Speed up your debugging by stopping execution only when you want to.
Debugging? Super-useful. Visual debugging? Super-super-useful. Stepping through a loop until the end, when your problem surfaces? Not so much.
Take a step forward on your debugging zen with conditional breakpoints.
Let's say you have a problem on a line in your code and you want to stop there and see what's happening. But the problem doesn't occur the first time that line is executed. Maybe the line is in a loop, and the problem doesn't occur until the end. Or maybe the line is in a function which gets called 100 times before the function argument value under suspicion is passed in.
Set a breakpoint on the line, then right-click on the breakpoint. You get a dialog to edit the properties of a breakpoint. Meaning, PyCharm breakpoints are richer than just a red circle.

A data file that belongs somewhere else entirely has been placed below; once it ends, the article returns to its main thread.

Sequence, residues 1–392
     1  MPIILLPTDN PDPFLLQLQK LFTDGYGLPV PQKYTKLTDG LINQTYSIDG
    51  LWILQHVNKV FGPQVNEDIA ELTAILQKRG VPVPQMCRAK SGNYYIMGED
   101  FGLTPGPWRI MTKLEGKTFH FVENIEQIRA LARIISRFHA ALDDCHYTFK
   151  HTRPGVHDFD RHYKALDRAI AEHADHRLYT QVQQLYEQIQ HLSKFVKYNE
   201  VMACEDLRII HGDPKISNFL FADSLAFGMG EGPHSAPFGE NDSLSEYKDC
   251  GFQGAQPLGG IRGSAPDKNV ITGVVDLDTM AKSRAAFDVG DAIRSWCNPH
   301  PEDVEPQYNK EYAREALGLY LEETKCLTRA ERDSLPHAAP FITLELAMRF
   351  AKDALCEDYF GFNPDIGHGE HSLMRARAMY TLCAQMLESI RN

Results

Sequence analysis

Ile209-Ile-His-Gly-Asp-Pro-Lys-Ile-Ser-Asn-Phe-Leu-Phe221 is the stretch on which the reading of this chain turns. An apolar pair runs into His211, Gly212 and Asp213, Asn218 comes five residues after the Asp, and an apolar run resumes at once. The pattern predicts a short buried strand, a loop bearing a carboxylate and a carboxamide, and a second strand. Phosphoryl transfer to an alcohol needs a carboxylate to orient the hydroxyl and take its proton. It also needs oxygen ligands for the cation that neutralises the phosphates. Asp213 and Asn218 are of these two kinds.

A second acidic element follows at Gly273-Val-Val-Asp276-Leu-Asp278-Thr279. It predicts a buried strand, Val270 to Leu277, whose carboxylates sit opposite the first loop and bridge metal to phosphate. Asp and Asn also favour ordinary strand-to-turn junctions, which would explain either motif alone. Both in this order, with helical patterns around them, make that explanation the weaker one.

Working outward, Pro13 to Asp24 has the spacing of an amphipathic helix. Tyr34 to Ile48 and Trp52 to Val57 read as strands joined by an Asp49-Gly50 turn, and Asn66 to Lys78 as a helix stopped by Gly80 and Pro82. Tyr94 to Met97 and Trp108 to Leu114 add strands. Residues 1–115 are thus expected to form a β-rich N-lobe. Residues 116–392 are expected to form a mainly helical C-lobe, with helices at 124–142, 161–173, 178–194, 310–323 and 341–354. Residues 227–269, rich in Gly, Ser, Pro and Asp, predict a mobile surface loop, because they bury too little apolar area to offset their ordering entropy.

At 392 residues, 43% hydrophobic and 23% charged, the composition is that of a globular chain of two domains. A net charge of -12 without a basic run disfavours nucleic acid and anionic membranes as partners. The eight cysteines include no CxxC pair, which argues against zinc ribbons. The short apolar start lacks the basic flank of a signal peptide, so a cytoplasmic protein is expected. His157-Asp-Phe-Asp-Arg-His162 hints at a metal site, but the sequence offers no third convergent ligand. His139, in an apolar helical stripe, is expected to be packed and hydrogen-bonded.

In the Condition box, type in an expression, such as
age > 90, that must be true for the breakpoint to be triggered. You can use any variable in scope at that line, and PyCharm autocomplete works in that box.
When you then debug your code, that line will be passed over until the condition is met. When true, the debugger stops on that line, just like normal.
During difficult (read: insane) investigations, you wind up trying the same thing over-and-over. The field has a drop-down with a history of expressions you've used.
There are other ways to edit a breakpoint's properties, such as the
View Breakpoints action ⌘⇧F8 (macOS) / Ctrl+Shift+F8 (Windows/Linux) which is also a button in the debug tool window. This option shows all the defined breakpoints.